Which brings me to the shaking and the wobbling I feel when I utter that tiny, somehow also enormous, two-letter word: we. That word brings to the surface all I can mean when I utter its sacred, single syllable, and all I cannot mean.
Be patient as I untangle this for you.
Clearly, I am part of the we that still lives and breathes today.
In my blood runs the Choctaw story.
I cannot ultimately be separated from the we because it is physically impossible for me to lose something so true that it formed my very essence, so true that it formed my DNA.
Literally, someone who made it through the Trail of Tears, past the concentration camps, and beyond the reach of the boarding schools gave birth to the man who fathered my mother, who gave birth to me. It is an indestructible fact that I exist because my ancestors lived on.
And yet, I am not part of the we in any practical sense. My mother scarcely mentioned we were Native. She barely situated my life in the ground of this we. She died when I was 24 years old. She was brutally murdered, suddenly taken, viciously removed from my life long before I was ready to let her go. When she died, she took with her even the very faintest link to the we.
I am left with almost imperceptible clues about who I am.
History books and vague memories are all I have.
But that was the point, wasn’t it? To make us so ashamed of ourselves as Native people that we would assimilate out of the we, into the rotten I-ndividualism of American culture, and out of existence?
Maybe I haven’t quite driven my point home! Maybe you think the prohibition on speaking our own language was not such a big deal. Maybe you can’t see why it was so laced with fatal shame that my great aunt would not speak the name of our Indigenous nation out loud to me.
Let me try again!
“The stated goal of the project was assimilation. Indigenous children were prohibited from speaking their mother tongues or practicing their religions… in the US boarding schools the children were beaten for speaking their own languages, among other infractions that expressed their humanity. Although stripped of their languages and skills of their communities, what they learned in boarding school was useless for the purposes of effective assimilation, creating multiple lost generations of traumatized individuals.” ~ Dr. Roxanne-Dunbar-Ortiz, An Indigenous Peoples’ History of the United States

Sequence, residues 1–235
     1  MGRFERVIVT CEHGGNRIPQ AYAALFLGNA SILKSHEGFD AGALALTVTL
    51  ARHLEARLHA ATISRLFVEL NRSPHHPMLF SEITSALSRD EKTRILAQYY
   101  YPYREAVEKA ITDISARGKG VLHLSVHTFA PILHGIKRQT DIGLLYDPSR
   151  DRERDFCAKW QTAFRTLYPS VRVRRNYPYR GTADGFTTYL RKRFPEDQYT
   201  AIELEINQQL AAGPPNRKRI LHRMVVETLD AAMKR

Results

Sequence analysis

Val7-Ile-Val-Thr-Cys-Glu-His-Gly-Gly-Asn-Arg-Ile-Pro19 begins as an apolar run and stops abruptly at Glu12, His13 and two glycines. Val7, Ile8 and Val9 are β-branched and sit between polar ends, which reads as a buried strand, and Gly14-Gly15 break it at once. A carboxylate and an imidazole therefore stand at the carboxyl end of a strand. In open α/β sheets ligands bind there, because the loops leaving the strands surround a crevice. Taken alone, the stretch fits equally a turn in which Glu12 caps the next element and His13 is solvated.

I don’t know much of my mother’s childhood. I know she was abandoned by the tall, robust, round, dark-skinned man I called Papaw, and that she was raised by her grandmother, a Native woman. She told me of the times she stood by the window waiting for him to come and how often he never did. Trauma does this. It destroys intimacy.
It replaces the we with a catastrophically, self-protective, selfish, destructive I-ndividualism.
Trauma, especially systemic, genocidal trauma seals us all in a living grave made for one.
I feel like I followed in my mother’s footsteps. Though she was physically present, I spent my life standing by the metaphorical window of my mother’s world, searching for clues about who she was and who I am. I have spent the 20-plus years since she died by a knife to her throat, so blood-soaked and ravaged by violence that we could not have an open casket, still standing by that window, still searching, still waiting.
History books and vague references are all I have left of the past, of her, of the stories I wish she would have told me, of the questions I wish my young mind had known to formulate.
Blood-soaked memories that I pick through searching for my reflection in the shattered mirror of a shattered we are all that remain.
In those history books, I have found much of what I need to know in order to understand the shroud of silence my family held over our Indigenous roots.
In those same books, I have found all I ever could have imagined (and a thousand times worse) of the reasons why my mother held her tongue and raised us in a White fairy tale far from the beatings and the death and the barely marked graves that ended by that lonely window, waiting, waiting, waiting.
Now I hope that you finally understand what I mean by the title of this article, that you understand what I mean when I say that the price of my original un-belonging was death.
I likewise hope you understand that the price of my next, very necessary act of un-belonging, this time to the false narrative of Whiteness, is also death, and that this un-belonging is the first trembling step I must take out of that interminable holding pattern of waiting endlessly by a lonely window.
In the annals of history, on the days I have dared to look, alongside the tragedy, I have also found courage — the courage of my people. I have found the will to heed the call of the Indigenous Zapatista leader to die in order to live.
I have died page by page, incomplete memory by incomplete memory, to the White fantasy of a holy, godly, compassionate nation. I have died to the me that was formed without the we.
I feel all alone tonight, like a mound of bones left by the side of the road in the tear-soaked land of our exile. I fear I may wind up like the barely marked graves, hastily left, without ceremony or coordinates, a lonesome cross marking the spot where I fell, except there is no one here to even bury or to carry the remains of who I was except me.